U.S. Army Will Evaluate JLENS Over Mid-Atlantic Region
Prime contractor Raytheon expects that the U.S. Army will begin an operational evaluation in the coming fiscal year of its joint land attack cruise missile defense elevated netted sensor system (JLENS), an aerostat-based surveillance system that will monitor a sizeable chunk of the U.S. Mid-Atlantic region.
Doug Burgess, Raytheon JLENS program director, said the Army will deploy a JLENS system, or “orbit,” at Aberdeen Proving Ground, Md., about 30 miles north of Baltimore on the Chesapeake Bay. The evaluation is scheduled to begin in Fiscal Year 2014, which for the U.S. government starts on October 1, and last about three years.
“The [Aberdeen] site offers a complex, dynamic environment,” Burgess wrote in response to an AIN inquiry. “JLENS has a 340-mile range, so it will track a variety of objects.” These could include air traffic at Washington Reagan National, Dulles International and Baltimore-Washington International airports; maritime traffic on the Chesapeake Bay and in the Port of Baltimore; and any of millions of vehicles on the region’s highways. “The Army will conduct numerous training scenarios with all of these types of objects,” Burgess said.
A JLENS orbit consists of two 242-foot-long (74 meters) tethered aerostats, each connected to a mobile mooring station, communications and control station and data-processing station. One of the helium-filled aerostats carries a 360-degree, VHF band surveillance radar; the other carries an X-band fire control radar to provide target intercept data. They can fly as high as 10,000 feet above sea level and remain aloft and operating up to 30 days. The aerostat is manufactured by Columbia, Md.-based TCOM, which has manufacturing and production facilities near Elizabeth City, N.C.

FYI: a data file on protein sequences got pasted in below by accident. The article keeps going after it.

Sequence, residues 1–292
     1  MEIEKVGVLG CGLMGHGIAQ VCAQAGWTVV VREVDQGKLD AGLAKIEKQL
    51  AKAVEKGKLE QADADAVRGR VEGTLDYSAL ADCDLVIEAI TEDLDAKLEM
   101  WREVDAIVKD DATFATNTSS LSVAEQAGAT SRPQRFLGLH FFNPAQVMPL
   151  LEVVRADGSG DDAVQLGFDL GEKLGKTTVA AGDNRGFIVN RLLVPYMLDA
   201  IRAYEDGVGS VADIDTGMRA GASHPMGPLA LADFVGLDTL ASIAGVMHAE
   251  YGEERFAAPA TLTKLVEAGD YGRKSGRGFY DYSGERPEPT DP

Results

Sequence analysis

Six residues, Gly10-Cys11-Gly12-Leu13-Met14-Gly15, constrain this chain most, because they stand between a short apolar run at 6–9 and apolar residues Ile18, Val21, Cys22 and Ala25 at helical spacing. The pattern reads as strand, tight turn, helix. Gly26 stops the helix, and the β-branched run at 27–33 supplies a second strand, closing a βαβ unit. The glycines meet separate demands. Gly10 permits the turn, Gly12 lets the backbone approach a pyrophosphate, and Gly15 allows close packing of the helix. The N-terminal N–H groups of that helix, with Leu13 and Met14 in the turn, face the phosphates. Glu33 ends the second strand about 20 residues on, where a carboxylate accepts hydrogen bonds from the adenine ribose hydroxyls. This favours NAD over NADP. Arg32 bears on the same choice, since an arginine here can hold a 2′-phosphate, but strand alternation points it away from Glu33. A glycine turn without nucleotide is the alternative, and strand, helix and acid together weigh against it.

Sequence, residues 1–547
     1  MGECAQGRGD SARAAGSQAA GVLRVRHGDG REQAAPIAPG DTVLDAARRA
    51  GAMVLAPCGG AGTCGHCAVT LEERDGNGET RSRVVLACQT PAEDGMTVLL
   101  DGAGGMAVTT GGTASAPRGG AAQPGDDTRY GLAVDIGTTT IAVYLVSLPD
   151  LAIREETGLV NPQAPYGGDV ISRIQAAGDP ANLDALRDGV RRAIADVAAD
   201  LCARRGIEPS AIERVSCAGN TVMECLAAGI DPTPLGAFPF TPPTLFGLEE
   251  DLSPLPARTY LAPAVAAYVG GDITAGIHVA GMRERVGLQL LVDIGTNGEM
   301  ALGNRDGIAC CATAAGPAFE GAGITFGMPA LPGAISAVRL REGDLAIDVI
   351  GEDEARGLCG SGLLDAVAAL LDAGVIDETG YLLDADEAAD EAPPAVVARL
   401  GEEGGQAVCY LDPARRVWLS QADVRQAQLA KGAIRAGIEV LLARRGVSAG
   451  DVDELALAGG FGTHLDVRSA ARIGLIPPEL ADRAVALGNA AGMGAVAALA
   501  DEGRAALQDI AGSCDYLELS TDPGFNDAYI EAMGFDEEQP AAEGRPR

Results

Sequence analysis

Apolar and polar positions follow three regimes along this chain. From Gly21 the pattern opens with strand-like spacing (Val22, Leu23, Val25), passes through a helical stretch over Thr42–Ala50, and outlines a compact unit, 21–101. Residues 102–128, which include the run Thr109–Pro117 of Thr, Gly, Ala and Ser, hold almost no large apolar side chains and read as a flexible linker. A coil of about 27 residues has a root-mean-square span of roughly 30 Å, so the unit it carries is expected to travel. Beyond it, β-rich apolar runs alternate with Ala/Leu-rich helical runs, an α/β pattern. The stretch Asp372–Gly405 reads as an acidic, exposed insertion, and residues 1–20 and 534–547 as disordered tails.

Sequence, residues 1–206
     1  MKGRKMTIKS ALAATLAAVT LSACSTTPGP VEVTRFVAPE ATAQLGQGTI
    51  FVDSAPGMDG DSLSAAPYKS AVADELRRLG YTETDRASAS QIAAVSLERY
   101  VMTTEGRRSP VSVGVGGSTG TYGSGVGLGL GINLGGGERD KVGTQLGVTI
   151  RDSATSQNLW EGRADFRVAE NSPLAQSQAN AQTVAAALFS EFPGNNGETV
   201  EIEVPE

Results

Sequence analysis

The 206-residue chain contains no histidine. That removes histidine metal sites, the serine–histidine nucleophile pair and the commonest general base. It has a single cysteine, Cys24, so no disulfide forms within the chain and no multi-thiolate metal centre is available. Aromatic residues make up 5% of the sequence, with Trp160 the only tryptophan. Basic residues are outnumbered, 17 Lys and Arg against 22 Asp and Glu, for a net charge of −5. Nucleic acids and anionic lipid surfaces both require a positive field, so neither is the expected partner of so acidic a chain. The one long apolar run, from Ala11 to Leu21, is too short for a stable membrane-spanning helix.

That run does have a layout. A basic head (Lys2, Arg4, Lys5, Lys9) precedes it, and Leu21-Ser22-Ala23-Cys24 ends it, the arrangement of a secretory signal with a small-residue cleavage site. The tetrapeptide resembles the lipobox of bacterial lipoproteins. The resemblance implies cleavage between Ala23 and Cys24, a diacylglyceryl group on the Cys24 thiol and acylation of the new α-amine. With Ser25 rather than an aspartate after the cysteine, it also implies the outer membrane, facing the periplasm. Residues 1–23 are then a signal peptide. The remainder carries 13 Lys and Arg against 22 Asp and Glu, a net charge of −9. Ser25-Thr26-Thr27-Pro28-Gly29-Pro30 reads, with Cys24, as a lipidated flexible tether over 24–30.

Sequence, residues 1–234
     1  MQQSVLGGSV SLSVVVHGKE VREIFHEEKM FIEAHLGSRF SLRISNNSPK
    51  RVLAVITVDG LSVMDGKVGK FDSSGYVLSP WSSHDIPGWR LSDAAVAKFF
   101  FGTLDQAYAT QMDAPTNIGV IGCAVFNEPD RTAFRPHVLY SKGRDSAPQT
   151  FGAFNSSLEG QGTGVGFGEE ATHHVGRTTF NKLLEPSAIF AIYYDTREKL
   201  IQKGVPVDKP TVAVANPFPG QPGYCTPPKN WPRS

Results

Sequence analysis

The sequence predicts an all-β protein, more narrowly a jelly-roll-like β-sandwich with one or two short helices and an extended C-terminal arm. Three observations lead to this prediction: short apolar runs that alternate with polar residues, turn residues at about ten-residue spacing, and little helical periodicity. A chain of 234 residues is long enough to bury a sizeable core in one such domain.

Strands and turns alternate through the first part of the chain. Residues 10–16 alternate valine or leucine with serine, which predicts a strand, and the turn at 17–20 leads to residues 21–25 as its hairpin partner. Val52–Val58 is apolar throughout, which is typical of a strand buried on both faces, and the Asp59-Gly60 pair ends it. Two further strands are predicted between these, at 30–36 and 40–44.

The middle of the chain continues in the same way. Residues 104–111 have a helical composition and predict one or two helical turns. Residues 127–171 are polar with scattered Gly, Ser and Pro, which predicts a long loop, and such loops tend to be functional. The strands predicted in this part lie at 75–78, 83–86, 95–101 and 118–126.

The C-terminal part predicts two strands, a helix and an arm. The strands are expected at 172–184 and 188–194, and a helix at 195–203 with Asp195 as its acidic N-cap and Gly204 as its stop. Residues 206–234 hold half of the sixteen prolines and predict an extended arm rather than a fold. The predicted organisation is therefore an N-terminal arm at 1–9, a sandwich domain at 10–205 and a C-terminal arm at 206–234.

Raytheon says the system enables military services to simultaneously detect and engage threats such as anti-ship cruise missiles, unmanned aircraft and small, “swarming” speed boats. In February, the company announced that JLENS had detected and tracked four ballistic missile surrogates in their boost phase during a series of tests at White Sands Missile Range, N.M. Early last year, Raytheon demonstrated JLENS interoperability with the Patriot anti-missile system to detect, track and shoot down a target drone simulating a cruise missile at the Utah Training and Test Range west of Salt Lake City. Last fall, the Army used JLENS to track multiple speed boats conducting maneuvers on Great Salt Lake.
The JLENS system has been in development for 15 years. Last year, the Department of Defense reduced the program from a planned 16 production orbits to two engineering and development orbits. The reduction triggered a breach of the Nunn-McCurdy act due to the program’s increased unit cost, causing it to be restructured. “Although JLENS is still an acquisition program, the production phase is canceled and the program will focus on developmental and operational testing and evaluations to demonstrate system capabilities,” the Government Accountability Office (GAO) reported in March. JLENS has cost an estimated $2.7 billion, according to the GAO.
Burgess said the second remaining JLENS orbit “is available and ready for deployment anywhere in the world, should the warfighter need it.”